Fingers crossed that you get the mouth thing sorted out. Have you thought about trying a leather bit? I have never used one, but it might not be the worst solution…

    On a positive note, when I saw the canter depart picture, my first thought was also that it was super uphill. So small victories… and he’s so cute and such a nice little jumper.

    Reply
    1. Olivia Post author

      I have actually thought about getting a leather bit. He literally chewed pieces out of one of those soft squishy mullen happy mouths (not the hard plastic ones) so I am worried he’ll chew a leather bit to pieces.

      Reply
  3. Stephanie

    That first picture is amazing lol! I hope that the dentist and vet can help Levi- it’s never fun to have a horse who seems to hate the job you want him to do.

    Reply
  4. Stacie Seidman

    Poor boy, does sound like a dental issue. My TB (who was pretty much broken head to toe) had TMJ. Could be a thing for Levi too maybe? Hopefully something easier like a broken tooth you can just pop right out. Fingers crossed.
    That halt though, right?! He sure is handsome.

    Reply
  5. Suzy

    Was the court just the letters, no actual perimeter? How did you like the new start to the test, not going straight down the centerline?
    Levi does look a lot happier doing the obstacles!
    Thanks for the laugh with that picture with Leo :p

    Reply
    1. Olivia Post author

      The new entrance is certainly easier from the perspective of not having to do a 10 meter turn, but I don’t really like it. Instead you have to manage a bend to the right (A-X-M) with the eventual turn to the left (X-M-C). So now you just get a turn in each direction over a larger angle instead of one turn over a shorter angle. It seems to ride fine though and I think it will make people get better scores (especially the BN A ending turn onto centerline not being a 10m because no one does that one well.)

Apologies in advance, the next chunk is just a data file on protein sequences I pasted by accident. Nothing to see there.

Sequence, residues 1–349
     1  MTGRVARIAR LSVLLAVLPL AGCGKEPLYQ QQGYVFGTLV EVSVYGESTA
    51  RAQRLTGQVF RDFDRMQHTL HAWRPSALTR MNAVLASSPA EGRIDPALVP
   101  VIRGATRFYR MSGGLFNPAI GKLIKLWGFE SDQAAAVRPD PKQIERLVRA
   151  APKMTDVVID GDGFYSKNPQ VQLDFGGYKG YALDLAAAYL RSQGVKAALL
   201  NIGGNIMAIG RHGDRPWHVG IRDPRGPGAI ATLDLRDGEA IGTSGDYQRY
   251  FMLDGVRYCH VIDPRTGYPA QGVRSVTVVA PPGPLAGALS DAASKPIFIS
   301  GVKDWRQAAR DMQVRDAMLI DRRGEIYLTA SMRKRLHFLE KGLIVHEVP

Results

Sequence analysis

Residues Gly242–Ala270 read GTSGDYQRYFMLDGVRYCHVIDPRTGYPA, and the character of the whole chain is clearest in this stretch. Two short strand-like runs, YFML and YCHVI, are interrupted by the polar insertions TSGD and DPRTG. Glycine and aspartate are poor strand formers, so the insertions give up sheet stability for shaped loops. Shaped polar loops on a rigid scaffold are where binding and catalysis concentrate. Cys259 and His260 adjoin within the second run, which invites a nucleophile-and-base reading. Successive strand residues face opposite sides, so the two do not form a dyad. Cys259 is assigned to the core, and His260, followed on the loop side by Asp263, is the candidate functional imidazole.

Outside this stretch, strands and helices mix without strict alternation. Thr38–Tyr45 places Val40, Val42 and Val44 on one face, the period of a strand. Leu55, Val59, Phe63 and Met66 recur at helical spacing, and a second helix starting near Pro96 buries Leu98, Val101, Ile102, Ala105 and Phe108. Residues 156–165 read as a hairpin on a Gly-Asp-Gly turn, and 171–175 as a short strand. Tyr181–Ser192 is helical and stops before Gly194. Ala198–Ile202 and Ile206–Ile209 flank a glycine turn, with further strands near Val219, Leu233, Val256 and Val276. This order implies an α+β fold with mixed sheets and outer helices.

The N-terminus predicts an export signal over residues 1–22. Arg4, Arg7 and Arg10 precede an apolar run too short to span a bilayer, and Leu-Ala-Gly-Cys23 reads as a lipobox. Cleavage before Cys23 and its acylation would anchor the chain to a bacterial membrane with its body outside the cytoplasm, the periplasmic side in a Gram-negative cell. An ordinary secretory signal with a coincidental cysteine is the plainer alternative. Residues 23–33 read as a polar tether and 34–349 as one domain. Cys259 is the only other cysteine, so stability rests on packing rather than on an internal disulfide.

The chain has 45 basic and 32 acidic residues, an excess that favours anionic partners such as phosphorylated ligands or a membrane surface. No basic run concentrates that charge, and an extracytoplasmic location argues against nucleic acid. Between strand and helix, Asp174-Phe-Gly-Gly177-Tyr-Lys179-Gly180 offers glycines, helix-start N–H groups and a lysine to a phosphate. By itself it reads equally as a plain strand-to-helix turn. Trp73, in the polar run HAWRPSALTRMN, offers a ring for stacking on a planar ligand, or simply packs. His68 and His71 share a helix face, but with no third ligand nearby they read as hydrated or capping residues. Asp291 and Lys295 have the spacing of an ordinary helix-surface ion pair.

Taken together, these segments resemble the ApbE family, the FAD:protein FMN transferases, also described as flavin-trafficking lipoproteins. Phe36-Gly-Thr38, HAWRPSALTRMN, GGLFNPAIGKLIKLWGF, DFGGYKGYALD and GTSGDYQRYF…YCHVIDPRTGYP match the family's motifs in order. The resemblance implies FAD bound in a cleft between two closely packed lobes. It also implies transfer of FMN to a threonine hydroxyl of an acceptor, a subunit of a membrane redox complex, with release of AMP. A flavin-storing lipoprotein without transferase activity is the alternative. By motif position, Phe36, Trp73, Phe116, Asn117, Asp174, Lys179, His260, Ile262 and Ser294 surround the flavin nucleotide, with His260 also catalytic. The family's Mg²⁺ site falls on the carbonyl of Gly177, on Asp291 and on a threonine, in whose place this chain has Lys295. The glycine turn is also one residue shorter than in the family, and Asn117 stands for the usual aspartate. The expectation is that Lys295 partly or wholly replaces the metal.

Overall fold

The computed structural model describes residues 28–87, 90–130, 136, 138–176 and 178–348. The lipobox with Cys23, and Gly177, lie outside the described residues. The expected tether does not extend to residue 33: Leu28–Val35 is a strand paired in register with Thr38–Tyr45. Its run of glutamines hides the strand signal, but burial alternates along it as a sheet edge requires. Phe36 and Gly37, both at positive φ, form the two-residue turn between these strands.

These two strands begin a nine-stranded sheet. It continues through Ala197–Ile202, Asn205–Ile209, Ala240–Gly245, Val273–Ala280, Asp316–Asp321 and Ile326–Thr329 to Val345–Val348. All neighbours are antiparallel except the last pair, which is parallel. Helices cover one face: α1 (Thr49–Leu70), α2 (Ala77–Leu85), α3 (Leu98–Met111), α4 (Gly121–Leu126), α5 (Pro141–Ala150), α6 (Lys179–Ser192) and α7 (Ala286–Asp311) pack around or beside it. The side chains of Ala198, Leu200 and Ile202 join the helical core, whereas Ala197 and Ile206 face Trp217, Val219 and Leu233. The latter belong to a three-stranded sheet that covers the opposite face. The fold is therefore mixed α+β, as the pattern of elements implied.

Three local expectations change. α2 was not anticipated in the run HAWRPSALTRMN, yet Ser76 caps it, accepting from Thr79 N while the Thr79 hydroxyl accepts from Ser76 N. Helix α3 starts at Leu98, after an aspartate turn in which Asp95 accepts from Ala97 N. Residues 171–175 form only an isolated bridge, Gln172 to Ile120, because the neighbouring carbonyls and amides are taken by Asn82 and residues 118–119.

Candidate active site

Reply
    1. Olivia Post author

      Western shows usually offer trail classes. I’ve done them at schooling shows with him. I think you need to use a bit at rated shows though so it wouldn’t b a good solution for him if I can’t fix the mouth issue.

      Reply
  6. Karen

    I know you can’t ride in a curb bit in dressage (although you can in Western Dressage and Working Equitation – which I think he would love), but I would recommend trying one with a roller. The things you are describing are exactly what I went through with Ashke. He can not tolerate any type of bar pressure. Use a Salinas mouthpiece with a roller and see if that doesn’t make him more comfortable. (I’m not advocating buying a Garcia, either. It’s way too much money to spend without trying it first.) Stay away from the Myles mouthpieces, as well. Just a simple curb with a roller.